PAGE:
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Proceedings of the National Academy of Sciences of the United States of America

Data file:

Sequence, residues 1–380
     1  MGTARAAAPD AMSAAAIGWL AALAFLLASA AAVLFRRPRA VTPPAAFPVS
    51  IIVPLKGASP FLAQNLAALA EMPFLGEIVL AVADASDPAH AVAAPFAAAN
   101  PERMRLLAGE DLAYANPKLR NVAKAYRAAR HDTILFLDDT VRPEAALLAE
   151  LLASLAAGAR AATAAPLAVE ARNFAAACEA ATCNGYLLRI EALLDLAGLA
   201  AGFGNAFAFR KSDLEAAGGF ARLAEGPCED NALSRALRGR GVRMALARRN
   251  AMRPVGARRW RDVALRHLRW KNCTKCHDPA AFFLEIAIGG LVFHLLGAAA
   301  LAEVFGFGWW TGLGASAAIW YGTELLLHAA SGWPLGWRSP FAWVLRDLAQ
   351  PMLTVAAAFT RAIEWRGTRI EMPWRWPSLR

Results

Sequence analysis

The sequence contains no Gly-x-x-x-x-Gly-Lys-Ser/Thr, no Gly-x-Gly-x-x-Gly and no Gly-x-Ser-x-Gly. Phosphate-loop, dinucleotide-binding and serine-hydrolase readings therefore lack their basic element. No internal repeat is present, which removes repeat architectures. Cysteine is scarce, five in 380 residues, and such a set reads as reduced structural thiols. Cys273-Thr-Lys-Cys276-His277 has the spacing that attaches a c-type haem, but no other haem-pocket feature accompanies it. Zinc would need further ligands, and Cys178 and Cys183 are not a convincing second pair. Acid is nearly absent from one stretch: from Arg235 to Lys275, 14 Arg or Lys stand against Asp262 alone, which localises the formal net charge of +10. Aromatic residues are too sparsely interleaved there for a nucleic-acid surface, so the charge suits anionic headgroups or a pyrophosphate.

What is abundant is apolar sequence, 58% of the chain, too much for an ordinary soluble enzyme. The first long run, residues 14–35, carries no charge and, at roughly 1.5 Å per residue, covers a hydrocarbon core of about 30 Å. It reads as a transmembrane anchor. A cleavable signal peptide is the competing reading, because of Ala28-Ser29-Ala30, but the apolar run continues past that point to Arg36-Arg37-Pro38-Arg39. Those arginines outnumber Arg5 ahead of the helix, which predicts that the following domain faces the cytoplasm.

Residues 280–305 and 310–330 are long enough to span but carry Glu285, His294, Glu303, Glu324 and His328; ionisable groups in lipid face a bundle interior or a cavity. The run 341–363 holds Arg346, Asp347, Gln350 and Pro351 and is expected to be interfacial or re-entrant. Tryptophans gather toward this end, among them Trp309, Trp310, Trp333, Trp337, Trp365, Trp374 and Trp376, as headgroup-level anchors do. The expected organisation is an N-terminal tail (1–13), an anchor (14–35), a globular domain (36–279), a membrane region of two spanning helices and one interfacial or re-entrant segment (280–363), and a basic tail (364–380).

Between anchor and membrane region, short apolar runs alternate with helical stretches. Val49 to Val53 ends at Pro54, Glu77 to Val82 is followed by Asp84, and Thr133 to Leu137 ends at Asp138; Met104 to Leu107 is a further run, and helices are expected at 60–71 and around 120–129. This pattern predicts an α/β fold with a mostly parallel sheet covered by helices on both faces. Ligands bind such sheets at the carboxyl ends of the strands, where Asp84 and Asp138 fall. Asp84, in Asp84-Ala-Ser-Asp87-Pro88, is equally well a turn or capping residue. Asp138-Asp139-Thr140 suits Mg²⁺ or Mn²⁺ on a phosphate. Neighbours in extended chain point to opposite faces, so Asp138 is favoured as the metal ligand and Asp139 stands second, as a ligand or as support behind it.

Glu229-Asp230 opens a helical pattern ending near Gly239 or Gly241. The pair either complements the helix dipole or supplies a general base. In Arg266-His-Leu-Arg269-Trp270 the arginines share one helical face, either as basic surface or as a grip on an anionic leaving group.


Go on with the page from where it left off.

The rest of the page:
Although plasmacytoid dendritic cells (pDCs) have been shown to play a critical role in generating viral immunity and promoting tolerance to suppress antitumor immunity, whether and how pDCs cross-prime CD8 T cells in vivo remain controversial. Using a pDC-targeted vaccine model to deliver antigens specifically to pDCs, we have demonstrated that pDC-targeted vaccination led to strong cross-priming and durable CD8 T cell immunity. Surprisingly, cross-presenting pDCs required conventional DCs (cDCs) to achieve cross-priming in vivo by transferring antigens to cDCs. Taking advantage of an in vitro system where only pDCs had access to antigens, we further demonstrated that cross-presenting pDCs were unable to efficiently prime CD8 T cells by themselves, but conferred antigen-naive cDCs the capability of cross-priming CD8 T cells by transferring antigens to cDCs. Although both cDC1s and cDC2s exhibited similar efficiency in acquiring antigens from pDCs, cDC1s but not cDC2s were required for cross-priming upon pDC-targeted vaccination, suggesting that cDC1s played a critical role in pDC-mediated cross-priming independent of their function in antigen presentation. Antigen transfer from pDCs to cDCs was mediated by previously unreported pDC-derived exosomes (pDCexos), that were also produced by pDCs under various conditions. Importantly, all these pDCexos primed naive antigen-specific CD8 T cells only in the presence of bystander cDCs, similarly to cross-presenting pDCs, thus identifying pDCexo-mediated antigen transfer to cDCs as a mechanism for pDCs to achieve cross-priming. In summary, our data suggest that pDCs employ a unique mechanism of pDCexo-mediated antigen transfer to cDCs for cross-priming.

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